Making an All Grain System

I made the oath I would jump to allgrain sometime in this lifetime. The hobbles always were that it was expensive to buy a “kit”, so I got the brilliant idea to head over to MR2 Beer Home Depot and get the fitting myself. Since the valves are usually around $25 alone on the brewing sites, if I could do it for $25 total, I would consider it a success.

I made it all for $17.

I had bought an eight gallon gatoraide cooler awhile ago on the ebay. I never got around to using it for beer. The previous owner had used it extensively and said the valve would need to be replaced. I picked it up for a penny + S&H. Getting the stupid valve for it would prove to be impossibly hard, so I just waysided it until the light bulb went on one day and I realized Home Depots plastic fittings were all food safe along with the sealant in the plumbing aisle. If you’re playing along at home, now would be a good time to mention that the only food safe plumbing and sealer is the one in the plumbing aisle. Don’t get tempted by the much cheaper pipes in the other aisles (landscaping), or you’ll be wondering why your beer tastes like plastic. And, just to be safe, I plan on running boiling water through the whole thing anyway to make sure it’s water tight and not going to taste like plastic.

A few notes on what we’re building:
* Bazooka Screen, not false bottom.
* Brass is OK so long as it comes from the plumbing aisle.
* Plasic is OK so long as it comes from the plumbing aisle.
* Don’t substitute things from gardening.
* We’re going to use zip ties for fasteners.

Why zip ties? They’re not big enough to cause problems with being “food safe” or not, and I’m worried about making a “metal sandwich” and getting corrosion under there. With the zip ties, we avoid getting a metal sandwich and the possibility of making a battery by accident is reduced. Zip ties also are flexible. Remember, the seal doesn’t have to be perfect and the goal is to smash grain on top, a bit of give in the plumbing will help eliminate grains being squished through your filter.

Now, I would directly link you to the parts, but in fantastic oversights of inventory management, you can’t find the damned parts online. So bear with me, make a list, and go to your own home depot.

* some kind of water cooler, used new or otherwise. These are almost always 3/8ths in. dia. for the spigot.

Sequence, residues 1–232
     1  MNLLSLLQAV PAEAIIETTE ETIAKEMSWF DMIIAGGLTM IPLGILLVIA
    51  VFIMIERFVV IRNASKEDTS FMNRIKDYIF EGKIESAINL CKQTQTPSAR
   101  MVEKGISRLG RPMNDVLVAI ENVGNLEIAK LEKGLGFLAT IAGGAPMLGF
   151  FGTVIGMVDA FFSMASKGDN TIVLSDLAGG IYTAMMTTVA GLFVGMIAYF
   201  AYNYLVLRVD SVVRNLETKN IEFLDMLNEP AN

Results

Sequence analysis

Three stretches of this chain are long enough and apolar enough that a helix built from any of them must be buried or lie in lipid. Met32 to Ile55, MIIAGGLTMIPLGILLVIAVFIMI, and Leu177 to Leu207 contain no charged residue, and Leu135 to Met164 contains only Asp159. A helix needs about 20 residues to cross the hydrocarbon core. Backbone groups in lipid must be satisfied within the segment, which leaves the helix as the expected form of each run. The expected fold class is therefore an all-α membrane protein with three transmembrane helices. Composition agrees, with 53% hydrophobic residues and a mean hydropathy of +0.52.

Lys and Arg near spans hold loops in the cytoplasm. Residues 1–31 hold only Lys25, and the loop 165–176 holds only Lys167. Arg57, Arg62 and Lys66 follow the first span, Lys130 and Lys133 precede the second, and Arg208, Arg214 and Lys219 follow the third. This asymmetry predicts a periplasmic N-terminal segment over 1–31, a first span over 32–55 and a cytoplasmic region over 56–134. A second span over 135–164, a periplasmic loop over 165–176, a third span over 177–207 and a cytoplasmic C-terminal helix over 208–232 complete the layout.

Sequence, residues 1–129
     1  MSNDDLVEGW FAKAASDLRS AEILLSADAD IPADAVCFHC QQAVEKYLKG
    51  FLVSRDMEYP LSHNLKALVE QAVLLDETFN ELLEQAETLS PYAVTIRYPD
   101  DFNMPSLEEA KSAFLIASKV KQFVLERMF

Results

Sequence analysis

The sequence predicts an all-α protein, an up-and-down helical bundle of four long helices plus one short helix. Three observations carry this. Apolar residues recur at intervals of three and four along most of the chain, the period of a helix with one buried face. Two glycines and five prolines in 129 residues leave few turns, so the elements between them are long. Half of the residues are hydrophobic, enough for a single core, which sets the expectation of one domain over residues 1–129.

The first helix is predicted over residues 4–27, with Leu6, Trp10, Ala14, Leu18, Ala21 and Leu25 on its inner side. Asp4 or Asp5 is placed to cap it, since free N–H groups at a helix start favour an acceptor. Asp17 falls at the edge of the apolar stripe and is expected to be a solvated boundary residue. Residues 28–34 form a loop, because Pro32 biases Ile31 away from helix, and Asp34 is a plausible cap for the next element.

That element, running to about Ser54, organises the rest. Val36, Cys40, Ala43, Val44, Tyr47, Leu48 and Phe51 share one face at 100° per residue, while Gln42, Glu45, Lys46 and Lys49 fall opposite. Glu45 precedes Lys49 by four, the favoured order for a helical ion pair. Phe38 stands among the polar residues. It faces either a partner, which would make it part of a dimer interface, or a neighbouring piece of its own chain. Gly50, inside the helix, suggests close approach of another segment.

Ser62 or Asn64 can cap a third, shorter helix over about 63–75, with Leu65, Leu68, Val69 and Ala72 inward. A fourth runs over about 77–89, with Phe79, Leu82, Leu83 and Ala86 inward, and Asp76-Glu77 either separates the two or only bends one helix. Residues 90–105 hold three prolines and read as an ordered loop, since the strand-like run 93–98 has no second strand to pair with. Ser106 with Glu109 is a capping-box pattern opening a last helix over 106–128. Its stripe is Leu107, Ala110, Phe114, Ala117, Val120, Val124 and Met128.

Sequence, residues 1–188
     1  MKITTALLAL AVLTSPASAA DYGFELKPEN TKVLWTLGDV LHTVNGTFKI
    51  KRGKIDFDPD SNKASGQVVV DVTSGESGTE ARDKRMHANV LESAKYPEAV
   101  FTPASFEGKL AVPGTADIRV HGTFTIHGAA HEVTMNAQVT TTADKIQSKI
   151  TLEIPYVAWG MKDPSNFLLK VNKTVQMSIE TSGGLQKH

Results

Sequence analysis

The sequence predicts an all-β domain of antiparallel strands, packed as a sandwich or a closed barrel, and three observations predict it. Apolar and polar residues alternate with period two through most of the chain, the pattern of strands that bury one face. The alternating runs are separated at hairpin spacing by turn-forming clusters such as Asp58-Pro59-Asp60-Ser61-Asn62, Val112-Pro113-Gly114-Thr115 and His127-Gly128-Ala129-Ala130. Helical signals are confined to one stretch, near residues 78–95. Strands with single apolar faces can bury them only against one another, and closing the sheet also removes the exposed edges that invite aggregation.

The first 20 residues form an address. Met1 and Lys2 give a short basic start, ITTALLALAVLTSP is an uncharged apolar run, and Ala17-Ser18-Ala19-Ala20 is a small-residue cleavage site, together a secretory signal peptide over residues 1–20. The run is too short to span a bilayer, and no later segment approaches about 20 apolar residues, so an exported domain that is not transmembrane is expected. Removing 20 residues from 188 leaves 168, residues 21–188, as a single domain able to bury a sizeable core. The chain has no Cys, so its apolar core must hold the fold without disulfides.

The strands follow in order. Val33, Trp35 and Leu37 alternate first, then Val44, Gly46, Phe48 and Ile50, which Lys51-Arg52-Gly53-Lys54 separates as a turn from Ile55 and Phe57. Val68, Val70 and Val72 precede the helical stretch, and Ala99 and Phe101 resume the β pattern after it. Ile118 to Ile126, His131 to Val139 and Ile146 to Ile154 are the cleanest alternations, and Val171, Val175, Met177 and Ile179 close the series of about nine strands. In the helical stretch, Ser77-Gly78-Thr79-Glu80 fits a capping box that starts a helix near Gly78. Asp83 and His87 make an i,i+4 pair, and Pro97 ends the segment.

* 3/8ths inch spigot. You can get the plastic ones which are exactly like their brass counterparts for $8. The brass or stainless ones probably will last longer, but seriously, how many times are you going to use it compared to your sink?
* Brass (trust me) T fitting, also 3/8ths.
* Two stainless steel lint traps. Ask for these, they’re sold in a two pack.
* Beefy zipties. If you have no zipties, stop reading and kill yourself.

The fittings are all color coded but be sure you match “universal” with “universal”. Mixing universal with flared will result in cracked plastic and leakage. The flared ones are crap anyway and should be avoided. Teflon tape is optional, but since we’re not running pressure here it shouldn’t be required. The color for 3/8ths is green. If you’re colorblind, just read the label. I like the quick disconnect spigots so I can just let them hang or attach whatever I want to it after the fact.

There will be a rubber gasket under the nut which keeps the plastic spigot against the bulkhead of the cooler. I would leave it there. You will need an adjustable wrench to get the nut off, it’s some stupid half size to keep people from messing with it, which is exactly what we intend to do.

Do yourself a huge favor and assemble the T junction first. Take your stainless lint traps, unroll them, then zip tie the open end to the T. If you have a round cooler (and I do) you will want to use a knife to loosen a small hole in the folded over portion (careful not to get into the actual tube) and thread a zip tie through that so you can zip tie them together in sort of a circle shape. It doesn’t have to be perfect. Now hold the T portion against the rubber gasket, and screw your plastic spigot through the bulkhead (it will grab the gasket, but this isn’t the thread, don’t be fooled) and into the T. Once it’s snugged up, if the spigot is upside down, back it off. Don’t try to tighten it until its right side up or you will either break the gasket, the bulkhead, or strip the plastic if it’s made of plastic. Remember, we can always add teflon tape.

If you’ve gotten this far, you’re done. Make sure the zip ties are tight, fill it up with boiling water and let it sit for however long you feel is safe. Then drain the water through your spigot to get a feel of how far to open the valve for what flow rate. I would suggest making a mark with a black marker on the plastic for “recommended”. Remember, the water is going to flow faster out of the valve than wort will. From here, you can pretty much take this project anywhere you want. If you have a box cooler, for instance, I would buy another few sets of lint trap screens, and a cross instead of a T fitting so you could have even more drainage. Instead of a pipe to the spigot, for instance, cut the end off the screen so you have a “screen pipe” and use that as your pipe.

If you did this from Northern Brewer, it would cost $50 to $100 depending on if you bought the cooler from them, etc. For my project, the cooler was $5 from ebay, and the parts were an additional $17.